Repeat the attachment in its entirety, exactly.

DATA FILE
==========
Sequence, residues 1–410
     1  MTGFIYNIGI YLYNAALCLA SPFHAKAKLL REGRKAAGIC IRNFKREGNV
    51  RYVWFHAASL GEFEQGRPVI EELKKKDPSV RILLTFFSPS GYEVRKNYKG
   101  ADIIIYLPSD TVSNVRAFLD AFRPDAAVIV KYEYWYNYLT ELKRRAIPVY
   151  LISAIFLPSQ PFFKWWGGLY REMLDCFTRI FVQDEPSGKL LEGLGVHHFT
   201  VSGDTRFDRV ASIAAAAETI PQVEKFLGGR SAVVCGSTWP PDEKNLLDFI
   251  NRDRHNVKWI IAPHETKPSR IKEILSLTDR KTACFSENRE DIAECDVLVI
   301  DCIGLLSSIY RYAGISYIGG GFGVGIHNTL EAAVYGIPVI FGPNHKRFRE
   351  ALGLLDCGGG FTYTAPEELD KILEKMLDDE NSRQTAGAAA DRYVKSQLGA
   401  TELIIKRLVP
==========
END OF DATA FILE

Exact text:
Sequence, residues 1–410
     1  MTGFIYNIGI YLYNAALCLA SPFHAKAKLL REGRKAAGIC IRNFKREGNV
    51  RYVWFHAASL GEFEQGRPVI EELKKKDPSV RILLTFFSPS GYEVRKNYKG
   101  ADIIIYLPSD TVSNVRAFLD AFRPDAAVIV KYEYWYNYLT ELKRRAIPVY
   151  LISAIFLPSQ PFFKWWGGLY REMLDCFTRI FVQDEPSGKL LEGLGVHHFT
   201  VSGDTRFDRV ASIAAAAETI PQVEKFLGGR SAVVCGSTWP PDEKNLLDFI
   251  NRDRHNVKWI IAPHETKPSR IKEILSLTDR KTACFSENRE DIAECDVLVI
   301  DCIGLLSSIY RYAGISYIGG GFGVGIHNTL EAAVYGIPVI FGPNHKRFRE
   351  ALGLLDCGGG FTYTAPEELD KILEKMLDDE NSRQTAGAAA DRYVKSQLGA
   401  TELIIKRLVP